political islam

  • Malaysia is often cited as a "model" of democratic success, writes Brookings Institution scholar Shadi Hamid. Photo by  Laurie Noble and Getty Images
    September 24, 2015   BY  

    “Islamism” has become a bad word, because the Islamists we hear about the most often are those of ISIS and al-Qaeda. Most Islamists, however, are not jihadists or extremists; they are members of mainstream Islamist movements like the Muslim Brotherhood whose distinguishing feature is their gradualism (historically eschewing revolution), acceptance of parliamentary politics, and willingness to work within existing state structures, even secular ones. Continue reading

  • September 13, 2013  

    It’s a dangerous time in Egypt to be associated with the Muslim Brotherhood, as security forces continue their crackdown on pro-Morsi supporters. Margaret Warner reports from Cairo on their dispersed, toned-down protests, the struggle between religion and politics in Egypt and whether the crackdown will inspire more violence. Continue reading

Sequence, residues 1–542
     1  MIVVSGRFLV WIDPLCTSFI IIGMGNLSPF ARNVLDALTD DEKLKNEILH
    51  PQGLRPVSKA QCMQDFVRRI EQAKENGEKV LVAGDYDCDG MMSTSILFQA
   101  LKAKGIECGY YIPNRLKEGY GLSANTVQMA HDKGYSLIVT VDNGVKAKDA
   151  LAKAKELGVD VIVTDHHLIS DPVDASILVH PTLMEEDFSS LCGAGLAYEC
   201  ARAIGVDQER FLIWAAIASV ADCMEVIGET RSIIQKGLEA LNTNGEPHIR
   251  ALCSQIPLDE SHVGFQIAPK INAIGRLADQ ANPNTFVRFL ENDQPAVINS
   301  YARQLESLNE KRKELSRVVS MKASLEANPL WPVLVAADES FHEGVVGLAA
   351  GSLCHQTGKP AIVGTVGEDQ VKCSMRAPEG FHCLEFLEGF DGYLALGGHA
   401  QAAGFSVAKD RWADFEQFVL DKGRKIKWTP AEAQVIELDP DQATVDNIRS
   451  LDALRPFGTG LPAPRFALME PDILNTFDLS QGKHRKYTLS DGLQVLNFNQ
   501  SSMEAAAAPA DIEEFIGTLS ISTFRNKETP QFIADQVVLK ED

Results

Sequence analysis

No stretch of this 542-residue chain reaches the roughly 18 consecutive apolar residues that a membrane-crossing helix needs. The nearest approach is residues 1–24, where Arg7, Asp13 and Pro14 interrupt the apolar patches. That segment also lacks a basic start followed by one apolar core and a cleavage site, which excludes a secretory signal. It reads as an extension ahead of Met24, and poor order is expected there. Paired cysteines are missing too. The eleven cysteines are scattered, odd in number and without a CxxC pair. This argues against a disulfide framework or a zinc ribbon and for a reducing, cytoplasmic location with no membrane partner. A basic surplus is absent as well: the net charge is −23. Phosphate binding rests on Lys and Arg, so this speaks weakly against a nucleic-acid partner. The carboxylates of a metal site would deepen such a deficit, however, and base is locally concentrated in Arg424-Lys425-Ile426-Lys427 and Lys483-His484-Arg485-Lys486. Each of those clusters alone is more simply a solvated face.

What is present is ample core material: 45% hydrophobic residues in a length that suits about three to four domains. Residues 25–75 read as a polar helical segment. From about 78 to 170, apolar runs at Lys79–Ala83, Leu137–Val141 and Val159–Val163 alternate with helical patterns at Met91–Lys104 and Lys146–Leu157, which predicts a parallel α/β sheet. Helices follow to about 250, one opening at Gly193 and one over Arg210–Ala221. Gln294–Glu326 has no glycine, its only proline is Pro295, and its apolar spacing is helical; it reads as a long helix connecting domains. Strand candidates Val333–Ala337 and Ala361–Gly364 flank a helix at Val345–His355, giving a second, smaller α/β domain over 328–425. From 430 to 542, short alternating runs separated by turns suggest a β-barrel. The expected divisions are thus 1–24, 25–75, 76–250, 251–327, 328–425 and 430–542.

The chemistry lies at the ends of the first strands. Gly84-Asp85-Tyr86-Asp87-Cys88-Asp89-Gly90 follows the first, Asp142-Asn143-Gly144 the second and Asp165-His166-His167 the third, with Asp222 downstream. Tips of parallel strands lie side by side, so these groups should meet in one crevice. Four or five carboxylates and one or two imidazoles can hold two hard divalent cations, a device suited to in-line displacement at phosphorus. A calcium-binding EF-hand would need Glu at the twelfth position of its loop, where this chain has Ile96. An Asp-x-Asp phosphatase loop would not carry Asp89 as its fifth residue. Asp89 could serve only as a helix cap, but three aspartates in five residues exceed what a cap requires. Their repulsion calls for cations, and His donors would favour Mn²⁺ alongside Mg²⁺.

• September 11, 2013  

    Margaret Warner talks to Egyptian interim prime minister Hazem el-Beblawi about the ouster of former President Morsi, the military’s influence on the government, the crackdowns on the Muslim Brotherhood, protecting liberal critics of the military takeover from prosecution and the outlook for democracy in Egypt. Continue reading